Previous Retro Reviews...
- MY NEIGHBOR TOTORO *** KIKI'S DELIVERY SERVICE *** PRINCESS MONONOKE
- HOWL'S MOVING CASTLE *** NAUSICAA *** CASTLE IN THE SKY *** PORCO ROSSO
- AKIRA Vol. 1 *** Vol. 2 *** Vol. 3 *** Vol. 4 *** Vol. 5 *** Vol. 6 *** TRIGUN Vol. 1
- LITTLE NORSE PRINCE VALIANT *** DRAGONBALL Vol. 1 *** GHOST IN THE SHELL
- MACROSS II *** LUPIN III: THE SECRET OF MAMO
Putting this in a sequence with THE SECRET OF MAMO invites the undeniable thought that the heroes of anime in the late 70’s and early 80’s generally had more fun. It’s not simply a case of there being copious pratfalls and plentiful winks interspersed throughout all the chases and gunplay - - Lupin III, the Dirty Pair and, now, Cobra all seem to have this strangely-urbane cheekiness about them. Their adventures are cavalier. Watching them in action, one almost reflexively imagines being in an audience of cocktail-drinking sophisticates in the smoky entertainment parlor of some ritzy casino.
Such pop cultural synesthesia isn’t reaching too far, I swear! Show SPACE ADVENTURE COBRA to any viewer with no preconceptions about the character, whatsoever, and they’ll a hazard a guess that it’s Han Solo as re-imagined by the editorial staff of PLAYBOY. Cobra smokes his cigars and ambles around the galaxy, more-or-less just doing his thing until a space mobster guns for him or he’s propositioned by a knockout dame. The latter even happens more often than the former in this flick - - sexy witch triplets, a sexy robot and even (potentially) a sexy terrorist leader all fall helplessly to his unbridled masculinity.
(Why, in the absence of any literal snake imagery, you’ve got to figure that Cobra’s name’s a double entendre of the same design as Shaft’s.)
Described as such, Cobra’s milieu perhaps embodies some dated sexual politics - - maybe even male chauvinism. Go on and sort the rest of that topic out in your next grad school discussion class, if you’d like; it’s the other potentially-dated aspects of the character which seem more pertinent.
Stated fairly, Cobra will need a serious makeover if Alexandre Aja’s long-discussed remake ever does go through. Here, his ensemble of red tights and stumpy Psychogun seems like actualized ugly box art. Not that it bog any of the fun down, of course, but it does lock this flick into a very specific time and place. If Cobra stepped out today, the fashion police would be on him a lot faster than the TRUTH street teams wanting to stamp out his stogies.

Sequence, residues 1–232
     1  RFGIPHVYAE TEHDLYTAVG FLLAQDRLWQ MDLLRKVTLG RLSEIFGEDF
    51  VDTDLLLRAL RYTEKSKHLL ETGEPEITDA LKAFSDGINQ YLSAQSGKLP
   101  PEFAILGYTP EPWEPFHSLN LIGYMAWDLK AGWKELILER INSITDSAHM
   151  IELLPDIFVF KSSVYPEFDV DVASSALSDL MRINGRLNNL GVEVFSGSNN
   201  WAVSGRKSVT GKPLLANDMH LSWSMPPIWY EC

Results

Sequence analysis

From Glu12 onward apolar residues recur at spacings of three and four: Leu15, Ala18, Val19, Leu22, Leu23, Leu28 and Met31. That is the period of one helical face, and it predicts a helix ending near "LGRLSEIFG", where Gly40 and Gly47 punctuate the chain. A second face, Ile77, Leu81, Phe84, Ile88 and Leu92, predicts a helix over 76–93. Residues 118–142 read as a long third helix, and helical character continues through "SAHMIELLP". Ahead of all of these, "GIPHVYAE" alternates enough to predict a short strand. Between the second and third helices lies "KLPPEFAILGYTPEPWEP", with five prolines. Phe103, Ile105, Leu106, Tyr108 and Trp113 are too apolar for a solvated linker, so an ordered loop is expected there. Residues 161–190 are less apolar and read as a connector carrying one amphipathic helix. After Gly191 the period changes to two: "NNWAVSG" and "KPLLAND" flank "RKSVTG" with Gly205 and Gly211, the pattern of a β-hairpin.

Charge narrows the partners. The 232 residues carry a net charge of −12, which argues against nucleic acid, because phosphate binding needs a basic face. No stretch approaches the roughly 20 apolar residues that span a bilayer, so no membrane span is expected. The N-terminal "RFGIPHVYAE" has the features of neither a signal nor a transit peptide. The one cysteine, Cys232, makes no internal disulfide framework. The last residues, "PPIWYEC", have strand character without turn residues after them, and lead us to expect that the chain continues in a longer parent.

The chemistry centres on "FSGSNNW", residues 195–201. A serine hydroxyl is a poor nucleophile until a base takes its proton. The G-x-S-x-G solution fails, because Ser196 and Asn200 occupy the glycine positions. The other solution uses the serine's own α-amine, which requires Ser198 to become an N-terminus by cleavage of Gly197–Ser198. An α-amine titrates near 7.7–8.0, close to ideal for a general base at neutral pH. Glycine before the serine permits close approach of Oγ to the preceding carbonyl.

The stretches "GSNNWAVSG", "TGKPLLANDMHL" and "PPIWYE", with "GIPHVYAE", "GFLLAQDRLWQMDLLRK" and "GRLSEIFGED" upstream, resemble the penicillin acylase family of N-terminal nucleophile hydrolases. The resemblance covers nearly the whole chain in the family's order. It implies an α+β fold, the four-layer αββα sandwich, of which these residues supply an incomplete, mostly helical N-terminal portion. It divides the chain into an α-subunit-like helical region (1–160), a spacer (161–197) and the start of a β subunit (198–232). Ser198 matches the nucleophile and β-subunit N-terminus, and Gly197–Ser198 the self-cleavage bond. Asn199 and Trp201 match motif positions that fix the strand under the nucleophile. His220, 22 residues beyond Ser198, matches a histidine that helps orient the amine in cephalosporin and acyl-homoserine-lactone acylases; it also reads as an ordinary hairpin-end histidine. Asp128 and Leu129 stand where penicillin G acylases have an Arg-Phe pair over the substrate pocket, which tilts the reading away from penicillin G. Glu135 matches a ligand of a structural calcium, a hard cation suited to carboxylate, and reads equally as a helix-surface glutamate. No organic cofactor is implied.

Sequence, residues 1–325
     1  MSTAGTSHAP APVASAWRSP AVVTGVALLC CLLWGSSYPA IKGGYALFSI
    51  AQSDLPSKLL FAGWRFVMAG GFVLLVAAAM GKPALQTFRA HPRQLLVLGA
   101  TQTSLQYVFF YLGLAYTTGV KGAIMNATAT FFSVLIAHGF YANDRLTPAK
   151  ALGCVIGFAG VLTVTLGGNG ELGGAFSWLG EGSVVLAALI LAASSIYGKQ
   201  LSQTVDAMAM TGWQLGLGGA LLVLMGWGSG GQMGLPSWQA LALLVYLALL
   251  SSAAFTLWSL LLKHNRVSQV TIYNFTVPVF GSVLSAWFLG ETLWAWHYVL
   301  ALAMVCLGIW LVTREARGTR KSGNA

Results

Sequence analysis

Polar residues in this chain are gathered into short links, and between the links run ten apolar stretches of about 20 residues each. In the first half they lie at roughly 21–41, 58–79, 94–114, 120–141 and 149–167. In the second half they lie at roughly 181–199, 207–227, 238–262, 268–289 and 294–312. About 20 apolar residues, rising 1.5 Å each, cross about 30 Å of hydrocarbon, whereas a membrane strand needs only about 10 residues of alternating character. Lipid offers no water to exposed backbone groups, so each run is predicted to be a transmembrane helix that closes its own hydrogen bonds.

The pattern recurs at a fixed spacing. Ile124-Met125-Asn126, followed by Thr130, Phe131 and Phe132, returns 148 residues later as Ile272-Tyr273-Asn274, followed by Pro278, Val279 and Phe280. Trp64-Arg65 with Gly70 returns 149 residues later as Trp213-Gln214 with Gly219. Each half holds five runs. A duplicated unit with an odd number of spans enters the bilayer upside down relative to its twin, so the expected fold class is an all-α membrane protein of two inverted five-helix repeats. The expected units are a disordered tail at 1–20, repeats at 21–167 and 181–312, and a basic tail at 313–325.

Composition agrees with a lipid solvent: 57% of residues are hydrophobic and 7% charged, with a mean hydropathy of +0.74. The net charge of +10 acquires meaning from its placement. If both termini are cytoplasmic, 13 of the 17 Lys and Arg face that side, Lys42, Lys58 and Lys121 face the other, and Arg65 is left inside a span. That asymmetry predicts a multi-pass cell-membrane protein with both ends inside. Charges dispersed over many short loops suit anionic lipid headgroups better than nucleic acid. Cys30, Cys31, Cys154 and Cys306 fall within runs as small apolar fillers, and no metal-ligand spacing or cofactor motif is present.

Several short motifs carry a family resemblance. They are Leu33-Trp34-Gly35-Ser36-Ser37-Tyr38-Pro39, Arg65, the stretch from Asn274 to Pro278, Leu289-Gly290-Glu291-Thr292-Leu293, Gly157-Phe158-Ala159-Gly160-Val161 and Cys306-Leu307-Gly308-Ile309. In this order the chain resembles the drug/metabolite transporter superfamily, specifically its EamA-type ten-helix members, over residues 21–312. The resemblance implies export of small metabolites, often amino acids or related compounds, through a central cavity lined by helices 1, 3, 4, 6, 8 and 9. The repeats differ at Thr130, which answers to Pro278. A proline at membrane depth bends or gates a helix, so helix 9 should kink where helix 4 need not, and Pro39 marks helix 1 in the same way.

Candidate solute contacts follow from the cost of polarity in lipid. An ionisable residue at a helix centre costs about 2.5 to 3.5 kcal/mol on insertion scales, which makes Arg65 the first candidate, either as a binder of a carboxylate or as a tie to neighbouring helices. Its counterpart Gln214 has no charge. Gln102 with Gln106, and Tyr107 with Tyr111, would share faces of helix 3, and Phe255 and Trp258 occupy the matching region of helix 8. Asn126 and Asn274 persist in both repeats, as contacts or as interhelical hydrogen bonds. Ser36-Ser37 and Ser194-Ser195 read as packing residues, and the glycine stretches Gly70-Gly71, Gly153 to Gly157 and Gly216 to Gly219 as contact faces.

This flick’s datedness isn’t even necessarily a problem. SPACE ADVENTURE COBRA demonstrates - - without any nostalgia here to jack it up - - that animators had to use a lot more abstract thinking before computers started taking care of so much of the thinking for them. Without exaggeration, every single shot in this flick exudes the sort of virtuoso storytelling craft that only comes about as a result of very deliberate planning. Every dissolve, color-tint, focus rack and multi-plane movement available has been employed to make the visual narrative on screen irresistibly involving at every interval. Even when you can’t always keep up with the plot (more on that in a moment,) you’re always mesmerized by the telling of what’s on screen.
Miyazaki was a key animator on here and, reportedly, the interest here was to present the experience of a 3D movie without the necessity of 3D glasses. Even while the resurgence of 3D as a serious money-maker has affixed plenty of nasty stigma to the process, I’m dying to see more movies attempt to simply seem three-dimensional the way this psychedelic parade of sound and color did.
What about the plot, though? I haven’t gotten much into that, yet, because…
Well, here’s another anime where synopsizing feels like a really uncool and bureaucratic response to what was such a cool and instinctive experience. Like a deadlier Lupin III, Cobra speeds through a delirious whorl of heady concepts, and never slows down long to give any of them a second thought. There’s a triplicate of vixens with something of a hive libido! There’s a crystalline android who turns his ribs into deadly spears! There’s a hideous witch whose head stays alive, and airborne, after decapitation!
The thread of Cobra breaking into a floating space prison to save the identical sister of the beautiful bounty hunter he’s scamming on is really just the through line to tie all this glorious insanity together. You won’t find such as delightedly-madcap a take on space opera outside of anything but THE INCAL. Cobra may wear his debt to STAR WARS (and his plagiarism of John Williams’ SUPERMAN movie score) rather blatantly on his sleeve… but damn if he doesn’t use what he’s borrowed to gallop into corners of the galaxy that most space pirates are too boring to even think of approaching.
SPACE ADVENTURE COBRA may not be the title to show to anyone with an eye-roll reflex to anything even just potentially hokey. Today, it’s maybe only for black belt otaku who’re brave (or maybe just fun) enough to experience an unfiltered dose of a zany outlier that ventured into much nuttier directions than so much of what came after it.
Watch SPACE ADVENTURE COBRA on Hulu below and experience the madness for yourself…